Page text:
Huge May Day Turnouts Highlight Gravity of Economic Crisis

Millions of people took part in May Day rallies and demonstrations around the world, as workers protested at the deepening impact of the global economic crisis on jobs and incomes.

Brussels, 5 May 2009: Millions of people took part in May Day rallies and demonstrations around the world, as workers protested at the deepening impact of the global economic crisis on jobs and incomes. More than 1 million participated in rallies jointly organized by the ITUC’s member organisations and non-affiliated national centres in France, while large crowds assembled in union-organised events across the globe, with some of the largest numbers reported in Germany and Russia.

In Turkey, where the government finally agreed to make May Day a national holiday, thousands of workers took part in a rally in Istanbul’s Taksim Square despite the government initially refusing to allow them to assemble in the Square, where dozens of people died during an attack by unidentified killers on May Day in 1977. Other major events in Turkey were marred by police violence.

Rallies organized by the trade union movement across the globe were peaceful, although there were a number of instances of violent attacks by police on demonstrators at other events. In Iran, independent trade unionists and labour rights supporters faced heavy intimidation by security forces. Some 150 arrests and detentions were reported following violent attacks by police against those taking part in May Day events, and several independent trade union advocates remain in prison, in some cases due to their involvement in activities on May 1st in previous years.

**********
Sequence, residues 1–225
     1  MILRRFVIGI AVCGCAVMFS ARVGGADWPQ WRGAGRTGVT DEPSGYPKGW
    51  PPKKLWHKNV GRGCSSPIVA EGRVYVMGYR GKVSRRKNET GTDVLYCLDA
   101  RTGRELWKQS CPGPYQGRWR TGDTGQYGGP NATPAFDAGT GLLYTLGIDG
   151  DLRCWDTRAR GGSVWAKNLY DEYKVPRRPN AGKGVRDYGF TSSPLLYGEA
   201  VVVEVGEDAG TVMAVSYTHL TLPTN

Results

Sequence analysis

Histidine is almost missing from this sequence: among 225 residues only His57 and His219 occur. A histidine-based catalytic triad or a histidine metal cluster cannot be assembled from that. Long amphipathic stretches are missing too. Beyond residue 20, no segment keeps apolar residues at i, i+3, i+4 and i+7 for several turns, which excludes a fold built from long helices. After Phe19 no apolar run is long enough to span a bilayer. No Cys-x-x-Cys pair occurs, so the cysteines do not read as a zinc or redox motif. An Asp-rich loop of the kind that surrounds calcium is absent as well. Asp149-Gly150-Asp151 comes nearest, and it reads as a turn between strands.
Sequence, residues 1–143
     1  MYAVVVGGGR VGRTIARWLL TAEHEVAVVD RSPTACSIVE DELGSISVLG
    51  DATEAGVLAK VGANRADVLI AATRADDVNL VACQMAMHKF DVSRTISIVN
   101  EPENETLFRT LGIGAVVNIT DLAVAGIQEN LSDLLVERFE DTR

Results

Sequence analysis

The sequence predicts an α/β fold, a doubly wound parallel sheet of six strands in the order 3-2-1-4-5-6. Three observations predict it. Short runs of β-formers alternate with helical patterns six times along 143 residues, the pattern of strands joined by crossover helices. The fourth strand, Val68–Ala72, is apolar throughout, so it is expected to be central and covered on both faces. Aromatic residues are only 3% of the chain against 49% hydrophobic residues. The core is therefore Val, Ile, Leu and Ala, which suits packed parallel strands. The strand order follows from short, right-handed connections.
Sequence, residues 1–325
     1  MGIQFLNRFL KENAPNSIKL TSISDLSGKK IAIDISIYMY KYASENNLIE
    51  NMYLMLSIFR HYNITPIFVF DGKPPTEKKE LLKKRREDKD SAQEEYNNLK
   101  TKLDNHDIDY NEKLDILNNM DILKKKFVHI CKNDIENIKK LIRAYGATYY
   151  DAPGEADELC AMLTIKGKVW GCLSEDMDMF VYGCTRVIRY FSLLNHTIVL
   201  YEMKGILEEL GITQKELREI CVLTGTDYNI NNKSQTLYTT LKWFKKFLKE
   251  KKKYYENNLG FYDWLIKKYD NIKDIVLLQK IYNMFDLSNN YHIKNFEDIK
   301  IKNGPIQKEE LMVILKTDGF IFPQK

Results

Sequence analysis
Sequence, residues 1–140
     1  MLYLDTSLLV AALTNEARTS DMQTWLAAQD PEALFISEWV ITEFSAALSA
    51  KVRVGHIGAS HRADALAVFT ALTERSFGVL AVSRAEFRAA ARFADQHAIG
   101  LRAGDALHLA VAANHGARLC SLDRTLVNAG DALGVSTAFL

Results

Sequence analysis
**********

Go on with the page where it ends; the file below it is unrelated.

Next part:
In Palestine, the ITUC affiliate PGFTU reported heavy interference by Israeli soldiers in one of its May Day activities. Following a speech by PGFTU General Secretary Shaher Sae’d at a rally in Bethlehem, soldiers from the Israeli Defence Force placed barbed wire barriers at the front of the crowd, and launched noise grenades and teargas at the participants. The soldiers then proceeded to block surrounding roads, and further teargas canisters were launched at the fleeing crowd. Three trade unionists and a journalist were reportedly apprehended by the military.

“Violent repression of legitimate protest is absolutely unacceptable, and cannot be justified in any country,” said ITUC General Secretary Guy Ryder.

In Mauritania, where there were fears of violent repression of May Day activities by the military, no major incidents were reported, despite a heavy presence of security forces along the route of the main trade union march. Mauritania’s trade union movement has maintained a united front in its campaign for the restoration of democracy, following the August 2008 military coup.

“Working people have turned out in exceptionally large numbers to protest at the appalling state of the global economy and the deepening jobs crisis. Governments need to understand that a “business as usual” response to the crisis is not acceptable, and that the possibility of major social upheaval is real. The world’s trade unions will press forward the demand for fundamental change, and will continue to mobilise for that change to happen,” said Ryder.

Pulling the world out of recession and building a new global economy will be the focus of this year’s World Day for Decent Work on October 7, following the hugely successful global mobilisation which took place on the same day last year.

Photo: Claudia Vieira

The ITUC represents 170 million workers in 312 affiliated national organisations from 157 countries and territories.

For more information please contact the ITUC Press Department on: +32 2 224 0204 or +32 476 621 018